19 November 2008

Amazon Forest, food and moles

Sue set a rather cracking pace up what the humans call the ‘mule track’ (though I think they meant mole, and I have never seen a mole walking on a track and besides, moles are pretty blind). Not even I could keep up with her. Perhaps she was scared of seeing a giant mole and didn’t know that Dougal and I would soon sort it out! Our humans and Alice and Paul were also there. We all managed to make it up the mole track and collapsed in the coolth of Amazon Forest. I managed to find a treasure trove of tidbits under the seated area of the boardwalk, although my humans did not share my joy and muttered about littering. We had quite a feast with Alice's Chelsea buns, Paul's dates, Sue's biscuits, Alpha Males's wine gums and the Foodlady's rusks.

It clouded over somewhat and we finished this nice walk (although there were not enough other people and dogs for my taste) with a lovely cool breeze keeping the dreaded heat exhaustion at bay.
The Foodlady put these two flowers on the blog. One is the Cape bluebell or Wahlenbergia capensis, and the other is the kaneeltjie or Pelargonium triste, that has a distinctive smell of cloves suggesting that it is pollinated by long-tongued moths in the night. (But not moles or mules).
Ps. We don’t really enjoy the boardwalk as it is difficult to control our back legs and they keep slipping in the gaps. But we were mindful of the conservation of this delicate area and stayed on them. (Besides, the Foodlady said that we would fall into a CAVE and disappear forever if we didnt stay on the path. Perhaps that is where the giant moles live?)

11 November 2008

No snakes up Slangkop and no cobras in Cobra Camp, only snake stem pincushions

Another new walk for us at Kommetjie.
Sue, Lucy, Richard, Thea, our humans, Dougal (and, of course, me) set off along this path towards the Slangkop Lighthouse that had a dog for ever 50 m or so! What joy.

Then we veered up onto the mountain and zigzagged our way up to a motley collection of buildings that used to be a radar station in a far off human war. The humans got a bit anxious because the buildings are perched on the very edge of the cliff. They snapped on our leads and dragged us off - then let us off again on a path that was just perfect for us heath-loving Scots.

Even the pincushion bushes were really low down (they are special creeping ones called snake stem pincushions Leucospermum hypophyllocarpodendron) and it was easy to chase mice and, joy of joys, TORTOISES! I even got to have a quick chew of one before it was confiscated and I was most unfairly ticked off.
There were lots of them in all shapes and sizes.

Check this bagworm! Like tortoises it carries its house round on its back. Its actually a caterpillar of the moth family Psychidae.

We stopped for tea and rusks near a rocky outcrop with a shady cave for us.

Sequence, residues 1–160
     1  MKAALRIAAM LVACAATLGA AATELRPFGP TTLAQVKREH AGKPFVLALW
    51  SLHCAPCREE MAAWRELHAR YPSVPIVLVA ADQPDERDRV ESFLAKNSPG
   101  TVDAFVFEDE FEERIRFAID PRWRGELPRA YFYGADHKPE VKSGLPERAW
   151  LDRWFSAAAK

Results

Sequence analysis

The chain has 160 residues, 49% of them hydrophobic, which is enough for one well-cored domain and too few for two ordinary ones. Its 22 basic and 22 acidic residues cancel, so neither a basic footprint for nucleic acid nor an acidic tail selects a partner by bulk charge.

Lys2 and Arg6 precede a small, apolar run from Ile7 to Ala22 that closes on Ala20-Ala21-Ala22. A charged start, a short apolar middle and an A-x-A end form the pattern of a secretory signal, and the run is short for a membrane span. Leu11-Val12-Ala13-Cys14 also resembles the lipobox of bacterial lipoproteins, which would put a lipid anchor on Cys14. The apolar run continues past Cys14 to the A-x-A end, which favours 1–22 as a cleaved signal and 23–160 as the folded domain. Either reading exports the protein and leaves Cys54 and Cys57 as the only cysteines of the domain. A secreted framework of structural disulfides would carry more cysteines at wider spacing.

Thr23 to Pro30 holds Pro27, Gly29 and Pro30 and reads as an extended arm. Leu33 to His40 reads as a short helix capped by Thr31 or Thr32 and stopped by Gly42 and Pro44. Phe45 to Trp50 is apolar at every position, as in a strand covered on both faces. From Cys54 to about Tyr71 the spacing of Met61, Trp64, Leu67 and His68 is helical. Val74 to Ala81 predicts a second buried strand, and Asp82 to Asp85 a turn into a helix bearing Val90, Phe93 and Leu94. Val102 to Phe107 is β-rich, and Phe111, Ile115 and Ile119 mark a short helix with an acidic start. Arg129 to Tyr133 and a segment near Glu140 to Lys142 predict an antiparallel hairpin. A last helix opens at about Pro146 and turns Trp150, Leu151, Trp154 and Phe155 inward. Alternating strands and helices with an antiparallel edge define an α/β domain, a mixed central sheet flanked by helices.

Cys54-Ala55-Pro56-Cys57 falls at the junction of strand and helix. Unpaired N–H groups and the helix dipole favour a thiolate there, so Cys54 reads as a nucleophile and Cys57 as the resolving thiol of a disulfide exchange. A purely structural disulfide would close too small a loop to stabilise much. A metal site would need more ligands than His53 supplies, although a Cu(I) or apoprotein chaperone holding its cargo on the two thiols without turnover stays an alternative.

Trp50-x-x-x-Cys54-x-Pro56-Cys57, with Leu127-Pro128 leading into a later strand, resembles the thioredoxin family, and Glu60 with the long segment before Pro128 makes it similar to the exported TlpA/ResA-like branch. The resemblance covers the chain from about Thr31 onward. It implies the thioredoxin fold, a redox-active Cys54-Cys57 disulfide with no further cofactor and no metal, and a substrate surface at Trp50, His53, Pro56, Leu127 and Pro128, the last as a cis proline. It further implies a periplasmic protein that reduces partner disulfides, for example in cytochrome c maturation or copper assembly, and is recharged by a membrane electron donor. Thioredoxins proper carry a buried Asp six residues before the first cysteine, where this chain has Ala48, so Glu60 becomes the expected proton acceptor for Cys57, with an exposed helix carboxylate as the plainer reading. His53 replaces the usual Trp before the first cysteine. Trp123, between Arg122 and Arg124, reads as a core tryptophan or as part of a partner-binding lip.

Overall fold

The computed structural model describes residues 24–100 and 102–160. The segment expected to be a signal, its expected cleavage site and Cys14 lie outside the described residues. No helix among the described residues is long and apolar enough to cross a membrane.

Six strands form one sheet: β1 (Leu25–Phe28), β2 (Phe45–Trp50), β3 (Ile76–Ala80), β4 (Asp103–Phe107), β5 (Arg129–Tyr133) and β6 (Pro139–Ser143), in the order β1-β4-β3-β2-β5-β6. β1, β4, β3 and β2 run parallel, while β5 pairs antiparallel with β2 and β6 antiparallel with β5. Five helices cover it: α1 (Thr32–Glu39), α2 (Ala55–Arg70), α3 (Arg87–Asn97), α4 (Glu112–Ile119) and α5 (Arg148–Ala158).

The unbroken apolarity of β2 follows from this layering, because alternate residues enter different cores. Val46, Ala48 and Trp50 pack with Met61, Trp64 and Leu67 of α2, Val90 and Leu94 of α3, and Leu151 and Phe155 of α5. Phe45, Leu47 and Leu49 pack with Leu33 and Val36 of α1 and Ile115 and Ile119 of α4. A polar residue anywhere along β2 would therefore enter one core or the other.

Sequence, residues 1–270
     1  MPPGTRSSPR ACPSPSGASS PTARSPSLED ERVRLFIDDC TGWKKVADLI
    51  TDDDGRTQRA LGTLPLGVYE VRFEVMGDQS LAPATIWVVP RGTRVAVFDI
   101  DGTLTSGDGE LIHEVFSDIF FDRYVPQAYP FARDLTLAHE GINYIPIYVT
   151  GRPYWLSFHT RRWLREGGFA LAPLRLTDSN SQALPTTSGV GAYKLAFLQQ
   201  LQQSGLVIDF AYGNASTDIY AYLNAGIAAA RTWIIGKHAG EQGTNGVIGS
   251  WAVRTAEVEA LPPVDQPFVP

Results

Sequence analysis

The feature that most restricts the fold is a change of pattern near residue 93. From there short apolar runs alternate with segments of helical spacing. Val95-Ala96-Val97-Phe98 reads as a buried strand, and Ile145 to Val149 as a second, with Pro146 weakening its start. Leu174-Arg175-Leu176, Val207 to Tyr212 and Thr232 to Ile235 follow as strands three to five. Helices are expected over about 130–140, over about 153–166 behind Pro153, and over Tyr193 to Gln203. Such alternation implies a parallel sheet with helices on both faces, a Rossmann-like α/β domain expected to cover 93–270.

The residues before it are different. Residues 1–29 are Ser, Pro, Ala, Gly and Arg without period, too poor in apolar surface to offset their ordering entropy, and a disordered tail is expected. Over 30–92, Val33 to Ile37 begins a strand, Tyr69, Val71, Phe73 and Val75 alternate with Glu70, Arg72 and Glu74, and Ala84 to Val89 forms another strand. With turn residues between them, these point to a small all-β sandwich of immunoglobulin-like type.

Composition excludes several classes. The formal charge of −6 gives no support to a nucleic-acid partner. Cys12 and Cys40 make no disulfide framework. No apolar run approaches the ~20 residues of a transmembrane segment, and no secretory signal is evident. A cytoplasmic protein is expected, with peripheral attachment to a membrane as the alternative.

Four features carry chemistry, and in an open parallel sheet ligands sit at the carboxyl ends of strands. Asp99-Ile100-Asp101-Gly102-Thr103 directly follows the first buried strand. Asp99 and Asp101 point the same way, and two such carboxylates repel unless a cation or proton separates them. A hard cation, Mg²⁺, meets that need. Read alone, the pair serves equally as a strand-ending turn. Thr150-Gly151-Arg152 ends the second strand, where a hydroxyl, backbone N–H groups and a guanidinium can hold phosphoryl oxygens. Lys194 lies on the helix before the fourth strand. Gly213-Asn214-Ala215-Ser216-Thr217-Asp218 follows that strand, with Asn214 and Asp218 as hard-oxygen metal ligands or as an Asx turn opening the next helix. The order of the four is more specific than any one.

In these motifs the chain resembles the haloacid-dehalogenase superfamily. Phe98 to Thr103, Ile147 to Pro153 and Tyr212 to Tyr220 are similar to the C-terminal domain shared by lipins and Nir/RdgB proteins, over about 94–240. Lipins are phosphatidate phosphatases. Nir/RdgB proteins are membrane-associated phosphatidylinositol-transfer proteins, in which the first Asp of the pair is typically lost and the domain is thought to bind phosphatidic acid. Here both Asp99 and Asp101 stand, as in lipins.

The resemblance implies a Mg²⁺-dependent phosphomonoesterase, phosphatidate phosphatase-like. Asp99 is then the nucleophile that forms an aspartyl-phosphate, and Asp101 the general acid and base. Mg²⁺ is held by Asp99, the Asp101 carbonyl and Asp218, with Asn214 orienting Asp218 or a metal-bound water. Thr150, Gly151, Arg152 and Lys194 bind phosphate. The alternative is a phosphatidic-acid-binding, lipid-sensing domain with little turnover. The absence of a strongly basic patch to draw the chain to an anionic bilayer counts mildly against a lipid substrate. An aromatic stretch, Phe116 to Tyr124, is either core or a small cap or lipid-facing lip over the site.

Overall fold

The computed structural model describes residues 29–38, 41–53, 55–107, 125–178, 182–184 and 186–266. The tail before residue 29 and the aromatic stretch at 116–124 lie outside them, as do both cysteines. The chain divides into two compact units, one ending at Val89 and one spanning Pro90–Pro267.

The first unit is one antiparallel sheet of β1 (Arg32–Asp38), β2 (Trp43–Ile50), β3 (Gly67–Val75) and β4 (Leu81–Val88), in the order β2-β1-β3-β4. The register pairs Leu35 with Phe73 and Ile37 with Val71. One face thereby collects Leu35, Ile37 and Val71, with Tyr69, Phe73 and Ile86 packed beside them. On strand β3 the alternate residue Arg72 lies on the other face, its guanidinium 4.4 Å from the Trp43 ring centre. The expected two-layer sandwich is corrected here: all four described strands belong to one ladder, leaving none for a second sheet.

Here is a rare photo of the Foodlady.

The Foodlady was quite excited to see this little plant with a fun name of bloucabong (Lapeirousia corymbosa).
Coming down again was hot and thirsty work, and we took advantage of any shade we could find.

Back at the beach, the humans had a good look at the Hoerikwaggo Trail tented camp near the lighthouse (the Foodlady has more about that on her blog http://veldfloraed.blogspot.com/2008/11/hoerikwaggo-trail-tented-classic.html but we Scots were too hot to even take much of an interest in the boardwalk dogs. A quick cool-off in the cold Atlantic was most welcome too - although we don't really enjoy water that creeps up on us and then mysteriously disappears.
For more information about the walk, Cobra Camp and the Slangkop Lighthouse, go to http://www.hikecapetown.co.za/bestwalks/EWCobraCamp.htm

03 November 2008

Elepant's eyes and spiders

Yesterday Sue, Lucy-the-vet, Richard, Alpha Male, the Foodlady, Dougal and I went in search of an Elephants eye which was crazy because we only found this HUGE cave which was filled with people and a rather hyperactive staffie.

We had tea in the throng, and then said goodbye to half of the party who had to go home to lunch. The Foodlady and Alpha Male then walked us up to the Constantiaberg mast - which at 928 m is almost as high as Maclears Beacon (at 1087 m it is the highest point on Table Mountain.) The tip of the mast up here is actually the highest point on the Cape Peninsula - 60 m higher than Maclears Beacon.

It was lovely and cool. We saw some amazing furry proteas called the brown bearded protea, Protea speciosa.

The Foodlady was taking a photo of raindrops on a funnel-shaped spider web in the path when a spider came running out but unfortunately it was so tiny it was difficult to photograph (or eat) but you can just see it in the photo in front of its tunnel. According to Norman Larsen (an arachnologist at the South African Natural History Museum) it is Euprosthenopsis pulchella - a very common dark brown spider with dorsoventral "GT" stripes.

Coming back to the Silvermine dam via the top of Blackburn Ravine we bumped into lots of dogs which was just the best (although with Dougal one is never too sure when a situation could just get out of control). This one here (top) had just arrived from TEXAS, in the USA.

For more information on the spider, go to http://www.biodiversityexplorer.org/arachnids/spiders/pisauridae/euprosthenops.htm.